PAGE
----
The Magistrate's Blog (2005-2012)

This blog has migrated to www.magistratesblog.blogspot.co.uk This blog is anonymous, and Bystander's views are his and his alone. Where his views differ from the letter of the law, he will enforce the letter of the law because that is what he has sworn to do. If you think that you can identify a particular case from one of the posts you are wrong. Enough facts are changed to preserve the truth of the tale but to disguise its exact source.

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Location: Near London, United Kingdom

The blog is written by a retired JP, with over 30 years' experience on the Bench.

Tuesday, October 06, 2009

The Arthur Daley Principle

I have blogged on numerous occasions about the rapid growth in asset confiscation, mostly under the Proceeds of Crime Act, known as POCA in the trade. It's a complex issue, and one about which I have mixed feelings. Of course we all remember that the Feds could never touch Al Capone for racketeering, but finally nailed him for tax evasion. No one could seriously dispute the justice of confiscating the cash in a drug dealer's attic, or the Essex hacienda with £150,000 worth of wheels behind the electric gates, whose owner has never declared more than £35,000 a year income. Rough justice, but justice it is, I think.
My misgivings arise, as so often, with the mission creep that has characterised this Government's approach to the justice system. The amount of cash that has to be justified to avoid its seizure has steadily dropped until it now stands at just £1000. As I wrote a few weeks ago, small-fry immigrant workers who have slogged their guts out have had their wages seized at the airport because of a visa irregularity, the final insult being that they have already paid tax and insurance on the cash. The court proceedings are civil ones, which lowers the standard of proof and also means that legal aid is not available. My real bottom line on the Bench is of course the law, but not far behind that is the question "Is this fair?" A man from one of the Whatever-Stans who speaks basic English and doesn't really know what's going on is no match for a barrister instructed by Police or Customs. That's not fair.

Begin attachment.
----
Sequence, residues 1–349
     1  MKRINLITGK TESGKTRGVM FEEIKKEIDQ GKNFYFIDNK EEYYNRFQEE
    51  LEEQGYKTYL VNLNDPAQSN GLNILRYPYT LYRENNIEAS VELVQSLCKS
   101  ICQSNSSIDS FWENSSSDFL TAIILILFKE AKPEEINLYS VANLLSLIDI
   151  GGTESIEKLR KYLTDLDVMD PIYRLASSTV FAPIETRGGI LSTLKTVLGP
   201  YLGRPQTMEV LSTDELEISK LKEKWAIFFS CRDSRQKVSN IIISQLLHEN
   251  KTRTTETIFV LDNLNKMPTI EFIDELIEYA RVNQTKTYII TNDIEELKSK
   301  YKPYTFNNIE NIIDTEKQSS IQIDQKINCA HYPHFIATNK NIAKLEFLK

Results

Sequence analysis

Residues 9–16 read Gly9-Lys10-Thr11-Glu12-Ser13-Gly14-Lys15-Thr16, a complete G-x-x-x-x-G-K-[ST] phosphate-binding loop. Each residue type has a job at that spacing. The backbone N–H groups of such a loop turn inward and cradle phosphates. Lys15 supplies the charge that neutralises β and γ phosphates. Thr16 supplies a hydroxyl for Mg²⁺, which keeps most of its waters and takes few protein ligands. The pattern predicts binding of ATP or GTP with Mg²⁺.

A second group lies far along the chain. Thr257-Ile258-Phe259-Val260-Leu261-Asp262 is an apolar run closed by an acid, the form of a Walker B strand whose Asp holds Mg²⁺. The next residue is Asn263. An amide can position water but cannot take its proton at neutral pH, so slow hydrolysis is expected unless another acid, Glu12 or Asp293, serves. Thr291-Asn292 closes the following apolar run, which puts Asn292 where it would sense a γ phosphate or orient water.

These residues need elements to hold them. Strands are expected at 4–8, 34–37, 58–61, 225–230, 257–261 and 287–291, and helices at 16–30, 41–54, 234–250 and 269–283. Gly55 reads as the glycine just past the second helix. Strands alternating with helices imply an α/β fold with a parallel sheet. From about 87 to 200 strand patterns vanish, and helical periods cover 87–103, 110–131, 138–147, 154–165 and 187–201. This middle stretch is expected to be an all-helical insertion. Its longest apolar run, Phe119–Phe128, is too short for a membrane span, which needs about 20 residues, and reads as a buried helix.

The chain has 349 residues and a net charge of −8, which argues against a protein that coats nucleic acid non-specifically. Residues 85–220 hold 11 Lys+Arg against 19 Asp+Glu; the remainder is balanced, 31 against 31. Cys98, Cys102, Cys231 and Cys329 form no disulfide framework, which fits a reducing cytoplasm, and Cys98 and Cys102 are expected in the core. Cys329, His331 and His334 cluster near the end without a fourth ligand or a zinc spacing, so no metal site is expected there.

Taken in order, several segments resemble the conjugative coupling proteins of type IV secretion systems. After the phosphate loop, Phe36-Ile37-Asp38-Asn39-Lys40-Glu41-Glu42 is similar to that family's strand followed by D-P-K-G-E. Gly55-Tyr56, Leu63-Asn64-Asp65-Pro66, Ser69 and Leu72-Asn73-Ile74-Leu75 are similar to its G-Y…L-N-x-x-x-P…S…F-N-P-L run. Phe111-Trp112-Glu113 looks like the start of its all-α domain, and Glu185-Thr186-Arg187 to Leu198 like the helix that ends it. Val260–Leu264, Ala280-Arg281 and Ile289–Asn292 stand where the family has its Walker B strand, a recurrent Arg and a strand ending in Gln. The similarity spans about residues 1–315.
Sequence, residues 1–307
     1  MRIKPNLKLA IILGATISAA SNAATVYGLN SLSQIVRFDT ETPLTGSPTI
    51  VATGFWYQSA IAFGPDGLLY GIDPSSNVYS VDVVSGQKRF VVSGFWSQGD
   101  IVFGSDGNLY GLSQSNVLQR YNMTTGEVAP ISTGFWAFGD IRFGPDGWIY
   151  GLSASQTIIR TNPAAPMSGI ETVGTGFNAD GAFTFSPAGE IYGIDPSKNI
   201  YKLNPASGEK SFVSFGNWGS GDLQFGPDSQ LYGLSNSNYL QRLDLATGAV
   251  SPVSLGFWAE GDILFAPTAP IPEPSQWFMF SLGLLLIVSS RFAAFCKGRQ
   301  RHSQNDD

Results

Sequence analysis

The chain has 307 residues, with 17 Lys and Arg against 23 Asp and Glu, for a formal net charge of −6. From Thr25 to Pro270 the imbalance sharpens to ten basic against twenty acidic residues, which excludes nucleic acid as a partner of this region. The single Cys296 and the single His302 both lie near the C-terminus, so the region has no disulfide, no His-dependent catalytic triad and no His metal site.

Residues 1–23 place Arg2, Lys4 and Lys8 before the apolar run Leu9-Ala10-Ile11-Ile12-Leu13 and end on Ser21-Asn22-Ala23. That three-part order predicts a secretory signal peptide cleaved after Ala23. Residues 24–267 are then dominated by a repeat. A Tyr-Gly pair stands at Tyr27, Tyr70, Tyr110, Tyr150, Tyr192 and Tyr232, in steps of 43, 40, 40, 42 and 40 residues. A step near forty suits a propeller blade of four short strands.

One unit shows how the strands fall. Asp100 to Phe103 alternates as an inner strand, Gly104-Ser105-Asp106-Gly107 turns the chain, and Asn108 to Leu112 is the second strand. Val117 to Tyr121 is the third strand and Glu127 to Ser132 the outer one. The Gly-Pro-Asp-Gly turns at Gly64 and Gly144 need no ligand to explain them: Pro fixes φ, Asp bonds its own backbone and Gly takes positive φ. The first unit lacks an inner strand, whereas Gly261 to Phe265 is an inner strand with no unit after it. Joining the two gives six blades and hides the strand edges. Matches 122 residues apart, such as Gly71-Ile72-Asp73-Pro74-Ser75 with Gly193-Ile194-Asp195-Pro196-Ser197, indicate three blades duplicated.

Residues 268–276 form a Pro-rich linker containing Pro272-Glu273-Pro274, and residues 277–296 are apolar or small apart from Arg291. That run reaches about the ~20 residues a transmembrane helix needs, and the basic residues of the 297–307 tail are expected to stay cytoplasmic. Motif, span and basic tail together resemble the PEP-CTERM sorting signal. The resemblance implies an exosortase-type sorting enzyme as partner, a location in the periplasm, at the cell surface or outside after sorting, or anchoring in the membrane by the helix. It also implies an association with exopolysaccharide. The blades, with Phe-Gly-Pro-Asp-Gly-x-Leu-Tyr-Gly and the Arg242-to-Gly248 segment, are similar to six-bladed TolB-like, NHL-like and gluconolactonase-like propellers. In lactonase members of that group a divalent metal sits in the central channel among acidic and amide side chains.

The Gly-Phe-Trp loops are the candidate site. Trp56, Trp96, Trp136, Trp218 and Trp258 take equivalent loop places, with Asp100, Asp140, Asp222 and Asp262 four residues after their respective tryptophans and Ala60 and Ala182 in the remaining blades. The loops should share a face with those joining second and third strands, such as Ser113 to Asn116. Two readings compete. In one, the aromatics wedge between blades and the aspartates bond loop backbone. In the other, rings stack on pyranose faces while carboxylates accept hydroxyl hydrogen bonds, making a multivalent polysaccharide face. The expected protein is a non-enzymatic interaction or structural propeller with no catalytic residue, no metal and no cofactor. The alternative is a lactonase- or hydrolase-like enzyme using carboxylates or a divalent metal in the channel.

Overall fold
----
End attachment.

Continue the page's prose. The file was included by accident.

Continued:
But there's more. This piece in The Times refers to the now-usual practice of divvying up the seized cash between the investigating agency, the courts' service and the Treasury. That's wrong (and yes I know it happens with speed cameras too). While there is not the slightest financially driven pressure on the bench, it is still improper to treat the cash this way. Seized funds should be paid to the Consolidated Fund (HM's Big Piggy Bank) and the agencies be allocated enough cash to do their job and no more. To do otherwise will skew priorities, harm justice, and eventually lead to corruption. I expect her Majesty's Government to operate under a higher set of principles than those of Arthur Daley.